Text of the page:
Every time a new platform comes into existence, it opens up again. Not only can you make new IP, but new companies come into existence. Even though Origin gave Electronic Arts Ultima Online, one of the first great large-scale MMOs, they didn’t believe in the model. They thought the subscription model — they were gun-shy to start. Instead of making Wing Commander Online and Crusader Online, they paused. That gave an opening to new companies like Blizzard, which was already a strong developer, but then, they came in alongside NCSoft and Sony Online and all these other companies that dominated this new market segment. It was a missed opportunity for EA.

Every new platform, every new method of distribution, is an opportunity not only to create new IP but also to create new companies that compete with the older companies that might be too slow to turn and dominate that new segment.


GamesBeat: What’s your view of the future, looking at things like VR and beyond?

Garriott: I mentioned at the beginning that my power of prediction was very bad when it came to Apple versus PC. By no means do I believe that I can — I became very platform agnostic. Whatever platform people decide to play on, we need to provide them with entertainment on that platform. But I’ve also noted that there are opportunities. You can build new companies and new IP as new platforms emerge.

Talking about VR, I’m a huge fan. I owned VR hardware back in the Apple II days. There was a really terrible set of goggles back then with these postage-stamp monitors in front of your eyes, terrible lag time, very low resolution graphics. It was cool, but obviously, nowhere near ready. We thought, “Give this five or 10 years, and it’ll be great.” That was 40 years ago. Every five or 10 years, new hardware comes out, and I think, “Wow, this is close, but give it another five or 10 years.”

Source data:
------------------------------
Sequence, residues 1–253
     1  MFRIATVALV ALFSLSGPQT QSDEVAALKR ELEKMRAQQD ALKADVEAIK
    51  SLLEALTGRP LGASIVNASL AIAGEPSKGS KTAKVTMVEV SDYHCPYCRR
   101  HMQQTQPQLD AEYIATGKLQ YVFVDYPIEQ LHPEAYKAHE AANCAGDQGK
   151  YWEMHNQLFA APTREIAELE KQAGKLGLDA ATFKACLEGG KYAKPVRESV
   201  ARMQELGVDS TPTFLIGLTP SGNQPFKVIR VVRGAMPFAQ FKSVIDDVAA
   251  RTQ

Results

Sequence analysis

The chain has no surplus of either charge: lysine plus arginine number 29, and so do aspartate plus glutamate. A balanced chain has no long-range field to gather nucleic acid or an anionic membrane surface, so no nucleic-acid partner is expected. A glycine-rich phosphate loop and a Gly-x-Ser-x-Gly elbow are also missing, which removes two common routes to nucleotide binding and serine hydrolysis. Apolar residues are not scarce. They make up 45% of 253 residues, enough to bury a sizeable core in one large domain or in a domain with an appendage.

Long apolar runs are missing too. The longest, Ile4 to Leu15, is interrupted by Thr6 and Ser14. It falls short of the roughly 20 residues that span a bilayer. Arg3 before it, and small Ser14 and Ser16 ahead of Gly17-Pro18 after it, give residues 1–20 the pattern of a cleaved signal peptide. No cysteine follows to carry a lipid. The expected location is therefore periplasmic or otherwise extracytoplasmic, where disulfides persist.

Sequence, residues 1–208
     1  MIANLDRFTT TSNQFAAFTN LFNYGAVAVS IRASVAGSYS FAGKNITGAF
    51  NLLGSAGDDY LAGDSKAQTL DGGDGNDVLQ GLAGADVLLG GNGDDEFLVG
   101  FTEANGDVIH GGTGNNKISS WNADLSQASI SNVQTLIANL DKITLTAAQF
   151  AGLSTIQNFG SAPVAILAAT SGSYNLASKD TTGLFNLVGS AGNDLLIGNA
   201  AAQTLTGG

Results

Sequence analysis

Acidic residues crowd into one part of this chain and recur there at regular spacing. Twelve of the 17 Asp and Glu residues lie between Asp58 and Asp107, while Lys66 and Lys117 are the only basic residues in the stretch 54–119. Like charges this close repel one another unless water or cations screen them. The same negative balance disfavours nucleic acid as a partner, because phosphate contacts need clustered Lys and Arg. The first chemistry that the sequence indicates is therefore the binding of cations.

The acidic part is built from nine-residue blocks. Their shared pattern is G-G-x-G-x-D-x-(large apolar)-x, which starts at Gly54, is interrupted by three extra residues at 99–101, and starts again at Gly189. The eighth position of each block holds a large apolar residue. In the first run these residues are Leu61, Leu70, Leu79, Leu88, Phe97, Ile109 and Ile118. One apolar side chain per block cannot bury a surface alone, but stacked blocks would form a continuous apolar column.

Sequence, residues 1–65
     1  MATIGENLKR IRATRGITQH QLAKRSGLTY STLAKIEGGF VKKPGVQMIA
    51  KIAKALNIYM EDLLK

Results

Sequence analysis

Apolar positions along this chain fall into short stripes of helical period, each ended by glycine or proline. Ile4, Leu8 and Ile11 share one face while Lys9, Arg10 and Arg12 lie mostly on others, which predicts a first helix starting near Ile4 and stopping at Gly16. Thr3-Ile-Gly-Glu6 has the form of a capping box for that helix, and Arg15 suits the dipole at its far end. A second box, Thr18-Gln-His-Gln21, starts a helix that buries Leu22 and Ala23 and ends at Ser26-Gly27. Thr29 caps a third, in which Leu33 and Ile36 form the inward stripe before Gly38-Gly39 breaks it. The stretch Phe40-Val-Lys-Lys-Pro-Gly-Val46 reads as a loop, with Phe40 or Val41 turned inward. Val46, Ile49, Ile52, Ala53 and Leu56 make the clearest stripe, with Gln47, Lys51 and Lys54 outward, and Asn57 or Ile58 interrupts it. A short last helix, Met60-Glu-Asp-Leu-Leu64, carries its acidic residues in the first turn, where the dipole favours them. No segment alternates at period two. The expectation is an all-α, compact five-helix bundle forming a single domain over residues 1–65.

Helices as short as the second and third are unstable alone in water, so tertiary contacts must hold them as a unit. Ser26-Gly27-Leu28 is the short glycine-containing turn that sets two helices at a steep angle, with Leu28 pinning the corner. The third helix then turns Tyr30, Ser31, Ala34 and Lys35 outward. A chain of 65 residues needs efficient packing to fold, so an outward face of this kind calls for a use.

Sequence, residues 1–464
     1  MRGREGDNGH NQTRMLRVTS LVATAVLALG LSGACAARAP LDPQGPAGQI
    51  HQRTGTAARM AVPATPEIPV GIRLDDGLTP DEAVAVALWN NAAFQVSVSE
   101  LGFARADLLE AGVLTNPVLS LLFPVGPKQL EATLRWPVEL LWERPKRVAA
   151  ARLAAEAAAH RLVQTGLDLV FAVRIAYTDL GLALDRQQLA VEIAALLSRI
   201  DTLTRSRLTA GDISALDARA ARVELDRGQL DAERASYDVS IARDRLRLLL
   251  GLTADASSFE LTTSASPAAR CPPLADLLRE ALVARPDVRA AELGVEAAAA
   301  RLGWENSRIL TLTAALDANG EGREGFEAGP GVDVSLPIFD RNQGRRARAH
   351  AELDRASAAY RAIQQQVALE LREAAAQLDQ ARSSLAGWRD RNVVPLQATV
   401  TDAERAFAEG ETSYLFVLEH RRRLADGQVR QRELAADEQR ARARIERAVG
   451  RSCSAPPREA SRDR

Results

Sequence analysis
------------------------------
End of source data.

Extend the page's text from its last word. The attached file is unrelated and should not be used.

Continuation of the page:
My personal opinion of the current state of VR is that unfortunately, we’re still not quite there yet. It makes great demos. I have a lot of the hardware at home. My kids love to look around in it briefly. But I don’t yet see the economics to back it up. I don’t think we can move through the world fluidly enough. We still have this problem of having to suit up and take it off. You lack the freedom to move around a space when you’re tethered. Peripheral view is still a problem. Seeing your hands is still a problem. Feeling like I have clubs for hands interacting with the world is still a problem.

All these things are solvable. People are working on it, and there are some really cool things to do in VR. It’s all really cool. But what I don’t see is anything even remotely close to the economics of purchases happening that’s necessary to justify the billions of dollars that are being put into hardware. I’m fearful not only that we’re going to see a short-term crash, but at least personally, I don’t see a path out at the other end yet.

That doesn’t mean that, on any given day, someone here in this building could have the solution that fixes it all, and suddenly, VR reaches its stride as the economic powerhouse of the future. I presume that someday that will happen. I hope to be a part of it and catch it soon enough to do my own IP development at that time. I just think that a lot of the hype is dramatically in front of the practical realities of making money.